As originally reported by Janet Burns of Forbes, the New York City Council has denied city residents access to additional ride-sharing services. In a 39-6 vote, the bill caps the current supply of New York City Uber and Lyft drivers for the next 12 months and implements a minimum wage of 17 dollars per hour.
In what City Council Speaker Corey Johnson referred to as reforming an industry “without any appropriate check or [government] regulation,” Councilman Eric Ulrich argued, “This is like putting a cap on Netflix subscriptions because Blockbusters are closing.”
Harming the Many to Benefit the Few
Ulrich is correct, but senile industries are not known to go out without a fight. It should be no surprise that legislation so similar to the taxi-medallion system is backed by the unions which represent taxi-drivers. The surge of ridesharing has coincided with an 80 percent fall in the value of taxi medallions (from $1 million to $200,000). With many medallion owners facing bankruptcy, Lawrence Hanley, the International President of the Amalgamated Transit Union, and Jim Conigliaro Jr., founder of the Independent Drivers Guild, both regarded the bill as a victory for their members.
The raises are a transfer from the wallet of the consumer to that of the union member.
Hanley and Conigliaro refer to rideshare services as exploitative. Conigliaro went so far as to say, “More than 65,000 working families will be getting a desperately needed raise because of today’s vote.”
However, it’s not that simple. One must ask where such a raise comes from. Does it come from the “exploitative” industry? Does it come from the owners of ride-sharing companies? Or does it come from manna falling from the heavens?
The 65,000 raises Conigliaro cheered on may be a victory for union members, but it is a loss for consumers.
The raises are a transfer from the wallet of the consumer to that of the union member. Legislators may cap the supply of a good or service, but controlling rising consumer demands is not so simple. The frozen supply of drivers and rising demands will lead to a shortage which may only be remedied by a rise in prices or an increase in supply. These rising prices are the raises which Conigliaro remarked as a victory.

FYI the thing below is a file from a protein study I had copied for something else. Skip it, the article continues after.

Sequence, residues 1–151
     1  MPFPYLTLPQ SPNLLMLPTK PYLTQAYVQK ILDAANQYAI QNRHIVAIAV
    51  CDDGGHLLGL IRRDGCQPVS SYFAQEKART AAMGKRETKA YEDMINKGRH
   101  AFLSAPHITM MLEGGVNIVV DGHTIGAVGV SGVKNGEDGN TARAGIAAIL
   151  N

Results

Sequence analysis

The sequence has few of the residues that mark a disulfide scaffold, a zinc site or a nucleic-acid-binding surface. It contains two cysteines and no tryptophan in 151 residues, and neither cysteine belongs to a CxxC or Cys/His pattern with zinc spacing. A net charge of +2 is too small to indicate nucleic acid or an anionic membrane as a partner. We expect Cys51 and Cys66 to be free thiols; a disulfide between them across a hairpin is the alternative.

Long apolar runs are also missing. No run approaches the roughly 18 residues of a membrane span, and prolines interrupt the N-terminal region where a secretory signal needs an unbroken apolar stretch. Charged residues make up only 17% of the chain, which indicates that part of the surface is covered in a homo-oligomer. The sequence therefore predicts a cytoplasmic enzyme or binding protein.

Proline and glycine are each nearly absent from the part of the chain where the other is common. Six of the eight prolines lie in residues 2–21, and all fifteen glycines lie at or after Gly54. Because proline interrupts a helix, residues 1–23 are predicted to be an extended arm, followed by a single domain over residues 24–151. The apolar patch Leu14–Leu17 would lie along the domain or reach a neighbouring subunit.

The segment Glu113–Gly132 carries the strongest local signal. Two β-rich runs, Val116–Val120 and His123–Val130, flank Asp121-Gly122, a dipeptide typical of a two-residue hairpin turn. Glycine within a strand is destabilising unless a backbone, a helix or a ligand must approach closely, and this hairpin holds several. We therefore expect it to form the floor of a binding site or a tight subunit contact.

In effect, the bill impoverishes the many for the benefit of the few.
Artificially Skewing Resource Allocation
Yet, there are also effects beyond that of increased monetary costs to consumers. Although the supply has been frozen, the allocation of the current supply may change. Uber has long been described as a more efficient service than cabs and a solution to the otherwise isolated outer boroughs which seldom see cabs. This may change that. As demands rise, it is possible that waits will become longer and fewer drivers will service the outer edges of New York City as market forces redirect drivers to more profitable locations (e.g. the heart of the city).
There are 8.5 million New Yorkers that have been denied access to improvements in an industry long left stagnant.
It does not end there. The bill also restricts New Yorker’s freedom to work. Whether for spare cash or for a full-time income, many have turned their vehicles into an investment by utilizing ride-sharing apps. The system has opened a new world of opportunity by bringing the convenience of gigs to everyday services. However, this opportunity is no longer available to New Yorkers.
Union leaders may regard such legislation as a victory, but New Yorkers have lost. There are 8.5 million New Yorkers that have been denied access to improvements in an industry long left stagnant. They have been denied a natural regulation of prices. They have been denied the freedom to work.
Although the bill is only in effect for 12 months, it is unknown what will occur after this period. The New York City Council has considered similar bills since 2015, but it had received little support until recently. Whether additional cities follow suit or the bill is allowed to expire without further action, it is clear union influences in American legislation are still strong.